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Every day Granny Fox led Reddy Fox over to the long railroad bridge and made him run back and forth across it until he had no fear of it whatever. At first it had made him dizzy, but now he could run across at the top of his speed and not mind it in the least. "I don't see what good it does to be able to run across a bridge; anyone can do that!" exclaimed Reddy one day.
Granny Fox smiled. "Do you remember the first time you tried to do it?" she asked.
Reddy hung his head. Of course he remembered--remembered that Granny had had to scare him into crossing that first time.
Suddenly Granny Fox lifted her head. "Hark!" she exclaimed.
Reddy pricked up his sharp, pointed ears. Way off back, in the direction from which they had come, they heard the baying of a dog. It wasn't the voice of Bowser the Hound but of a younger dog. Granny listened for a few minutes. The voice of the dog grew louder as it drew nearer.
"He certainly is following our track," said Granny Fox. "Now, Reddy, you run across the bridge and watch from the top of the little hill over there. Perhaps I can show you a trick that will teach you why I have made you learn to run across the bridge."
Reddy trotted across the long bridge and up to the top of the hill, as Granny had told him to. Then he sat down to watch. Granny trotted out in the middle of a field and sat down. Pretty soon a young hound broke out of the bushes, his nose in Granny's track. Then he looked up and saw her, and his voice grew still more savage and eager. Granny Fox started to run as soon as she was sure that the hound had seen her, but she did not run very fast. Reddy did not know what to make of it, for Granny seemed simply to be playing with the hound and not really trying to get away from him at all. Pretty soon Reddy heard another sound. It was a long, low rumble. Then there was a distant whistle. It was a train.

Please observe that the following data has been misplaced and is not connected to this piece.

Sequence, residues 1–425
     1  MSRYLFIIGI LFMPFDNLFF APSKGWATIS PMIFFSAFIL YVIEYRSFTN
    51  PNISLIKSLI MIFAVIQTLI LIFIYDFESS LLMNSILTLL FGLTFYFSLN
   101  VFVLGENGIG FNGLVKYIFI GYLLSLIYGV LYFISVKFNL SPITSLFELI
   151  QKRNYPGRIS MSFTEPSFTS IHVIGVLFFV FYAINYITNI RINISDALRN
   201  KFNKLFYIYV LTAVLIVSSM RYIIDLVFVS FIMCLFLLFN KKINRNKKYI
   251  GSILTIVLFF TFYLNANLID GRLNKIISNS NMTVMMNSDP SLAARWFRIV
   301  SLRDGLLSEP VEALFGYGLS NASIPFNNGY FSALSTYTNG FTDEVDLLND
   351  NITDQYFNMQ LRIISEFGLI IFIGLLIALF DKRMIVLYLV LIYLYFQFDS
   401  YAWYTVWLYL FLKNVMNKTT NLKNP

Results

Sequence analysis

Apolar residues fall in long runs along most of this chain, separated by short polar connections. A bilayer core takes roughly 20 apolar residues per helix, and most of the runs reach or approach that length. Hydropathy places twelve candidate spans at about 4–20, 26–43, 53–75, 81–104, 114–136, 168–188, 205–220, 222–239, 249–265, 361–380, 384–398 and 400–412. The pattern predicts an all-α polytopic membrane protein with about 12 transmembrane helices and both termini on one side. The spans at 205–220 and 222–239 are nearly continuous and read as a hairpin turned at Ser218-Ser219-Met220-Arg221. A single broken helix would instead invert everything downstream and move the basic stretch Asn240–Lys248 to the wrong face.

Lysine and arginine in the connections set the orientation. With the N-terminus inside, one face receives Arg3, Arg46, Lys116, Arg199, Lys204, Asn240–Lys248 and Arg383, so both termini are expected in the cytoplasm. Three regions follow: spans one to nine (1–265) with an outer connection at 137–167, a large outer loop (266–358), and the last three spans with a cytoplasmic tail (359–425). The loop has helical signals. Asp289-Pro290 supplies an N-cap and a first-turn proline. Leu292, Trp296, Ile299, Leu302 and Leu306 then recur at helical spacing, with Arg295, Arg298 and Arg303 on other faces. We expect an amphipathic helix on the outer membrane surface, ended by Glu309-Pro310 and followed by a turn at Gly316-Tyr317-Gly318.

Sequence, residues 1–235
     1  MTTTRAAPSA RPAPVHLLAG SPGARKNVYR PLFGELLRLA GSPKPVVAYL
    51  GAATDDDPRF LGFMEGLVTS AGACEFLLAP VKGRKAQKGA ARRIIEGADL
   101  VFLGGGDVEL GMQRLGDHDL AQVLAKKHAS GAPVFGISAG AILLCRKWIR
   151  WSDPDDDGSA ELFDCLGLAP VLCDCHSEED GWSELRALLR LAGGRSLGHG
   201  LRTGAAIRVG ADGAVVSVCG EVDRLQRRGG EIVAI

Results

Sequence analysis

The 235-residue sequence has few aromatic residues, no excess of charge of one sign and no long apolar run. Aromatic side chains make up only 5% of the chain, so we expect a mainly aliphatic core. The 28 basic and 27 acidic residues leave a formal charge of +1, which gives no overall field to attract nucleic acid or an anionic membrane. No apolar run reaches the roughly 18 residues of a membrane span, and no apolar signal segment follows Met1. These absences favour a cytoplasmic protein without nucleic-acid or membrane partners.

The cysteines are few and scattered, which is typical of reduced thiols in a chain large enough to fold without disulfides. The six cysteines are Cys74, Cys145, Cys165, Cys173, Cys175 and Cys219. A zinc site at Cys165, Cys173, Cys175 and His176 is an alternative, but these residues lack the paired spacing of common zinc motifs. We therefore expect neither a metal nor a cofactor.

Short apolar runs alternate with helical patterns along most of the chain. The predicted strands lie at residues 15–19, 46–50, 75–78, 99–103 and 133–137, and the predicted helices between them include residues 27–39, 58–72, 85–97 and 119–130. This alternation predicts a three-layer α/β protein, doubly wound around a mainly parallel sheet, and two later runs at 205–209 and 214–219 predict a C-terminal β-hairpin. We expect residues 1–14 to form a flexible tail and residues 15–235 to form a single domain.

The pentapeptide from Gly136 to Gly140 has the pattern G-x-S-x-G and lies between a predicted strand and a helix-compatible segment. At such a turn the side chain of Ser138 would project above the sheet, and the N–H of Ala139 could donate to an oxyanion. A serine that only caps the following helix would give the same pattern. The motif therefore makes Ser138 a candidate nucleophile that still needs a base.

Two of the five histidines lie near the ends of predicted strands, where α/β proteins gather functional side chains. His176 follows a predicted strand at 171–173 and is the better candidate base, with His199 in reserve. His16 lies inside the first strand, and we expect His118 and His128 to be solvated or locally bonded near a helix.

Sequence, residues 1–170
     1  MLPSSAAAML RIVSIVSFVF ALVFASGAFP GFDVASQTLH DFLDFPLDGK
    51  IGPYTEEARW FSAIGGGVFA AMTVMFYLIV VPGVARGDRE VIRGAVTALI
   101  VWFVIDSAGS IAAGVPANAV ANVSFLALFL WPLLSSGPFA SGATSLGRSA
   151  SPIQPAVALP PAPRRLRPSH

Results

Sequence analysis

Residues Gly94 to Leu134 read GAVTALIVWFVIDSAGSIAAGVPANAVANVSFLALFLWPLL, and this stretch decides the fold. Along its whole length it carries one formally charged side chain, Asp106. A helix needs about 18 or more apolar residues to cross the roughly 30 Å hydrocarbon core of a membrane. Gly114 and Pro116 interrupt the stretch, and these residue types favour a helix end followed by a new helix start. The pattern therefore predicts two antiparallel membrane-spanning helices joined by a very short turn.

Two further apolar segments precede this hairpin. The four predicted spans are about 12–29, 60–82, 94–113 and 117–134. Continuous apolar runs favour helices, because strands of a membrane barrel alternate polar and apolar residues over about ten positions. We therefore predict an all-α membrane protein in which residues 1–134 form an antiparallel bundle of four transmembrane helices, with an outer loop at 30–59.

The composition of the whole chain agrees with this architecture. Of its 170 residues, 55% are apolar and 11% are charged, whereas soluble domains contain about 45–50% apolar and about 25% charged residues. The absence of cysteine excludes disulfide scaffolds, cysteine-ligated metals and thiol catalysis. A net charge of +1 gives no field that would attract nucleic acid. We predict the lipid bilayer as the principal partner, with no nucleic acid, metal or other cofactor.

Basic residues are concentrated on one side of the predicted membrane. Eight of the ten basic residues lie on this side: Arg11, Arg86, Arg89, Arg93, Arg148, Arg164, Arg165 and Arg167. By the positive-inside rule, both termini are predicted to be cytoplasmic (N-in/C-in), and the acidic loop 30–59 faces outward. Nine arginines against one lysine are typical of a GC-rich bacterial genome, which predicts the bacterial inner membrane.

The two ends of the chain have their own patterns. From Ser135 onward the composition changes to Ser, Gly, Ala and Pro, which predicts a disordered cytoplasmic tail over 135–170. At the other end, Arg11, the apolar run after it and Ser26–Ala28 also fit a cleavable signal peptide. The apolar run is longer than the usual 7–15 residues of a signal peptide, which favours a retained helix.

Granny heard it, too. As she ran, she began to work back toward the long bridge. The train was in sight now. Suddenly Granny Fox started across the bridge so fast that she looked like a little red streak. The dog was close at her heels when she started and he was so eager to catch her that he didn't see either the bridge or the train. But he couldn't begin to run as fast as Granny Fox. Oh, my, no! When she had reached the other side, he wasn't halfway across, and right behind him, whistling for him to get out of the way, was the train.
The hound gave one frightened yelp, and then he did the only thing he could do; he leaped down, down into the swift water below, and the last Reddy saw of him he was frantically trying to swim ashore.
"Now you know why I wanted you to learn to cross a bridge; it's a very nice way of getting rid of dogs," said Granny Fox, as she climbed up beside Reddy.
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